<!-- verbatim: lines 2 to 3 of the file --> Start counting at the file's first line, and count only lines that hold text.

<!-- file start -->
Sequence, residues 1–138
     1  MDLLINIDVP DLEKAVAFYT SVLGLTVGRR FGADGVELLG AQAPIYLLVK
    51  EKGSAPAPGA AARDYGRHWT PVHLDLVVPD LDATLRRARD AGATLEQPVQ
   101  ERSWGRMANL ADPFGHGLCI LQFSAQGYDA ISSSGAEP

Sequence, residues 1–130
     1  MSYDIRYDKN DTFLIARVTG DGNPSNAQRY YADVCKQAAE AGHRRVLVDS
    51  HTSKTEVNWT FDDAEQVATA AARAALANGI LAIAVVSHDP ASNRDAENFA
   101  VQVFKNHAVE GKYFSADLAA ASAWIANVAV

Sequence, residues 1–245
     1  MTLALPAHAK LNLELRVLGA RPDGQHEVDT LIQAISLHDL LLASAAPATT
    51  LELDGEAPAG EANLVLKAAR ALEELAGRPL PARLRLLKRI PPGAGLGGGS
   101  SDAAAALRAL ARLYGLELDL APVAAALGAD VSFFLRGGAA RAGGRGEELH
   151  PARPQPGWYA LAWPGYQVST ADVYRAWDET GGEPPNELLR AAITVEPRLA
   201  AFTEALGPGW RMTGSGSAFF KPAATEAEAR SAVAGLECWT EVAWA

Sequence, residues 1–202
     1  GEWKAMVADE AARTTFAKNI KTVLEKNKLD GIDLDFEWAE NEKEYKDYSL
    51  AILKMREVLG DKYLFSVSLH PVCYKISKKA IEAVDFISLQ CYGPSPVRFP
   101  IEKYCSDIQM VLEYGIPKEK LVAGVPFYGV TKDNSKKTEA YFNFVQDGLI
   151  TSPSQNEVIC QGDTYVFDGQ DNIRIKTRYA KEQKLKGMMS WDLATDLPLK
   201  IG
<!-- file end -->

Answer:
     1  MDLLINIDVP DLEKAVAFYT SVLGLTVGRR FGADGVELLG AQAPIYLLVK
    51  EKGSAPAPGA AARDYGRHWT PVHLDLVVPD LDATLRRARD AGATLEQPVQ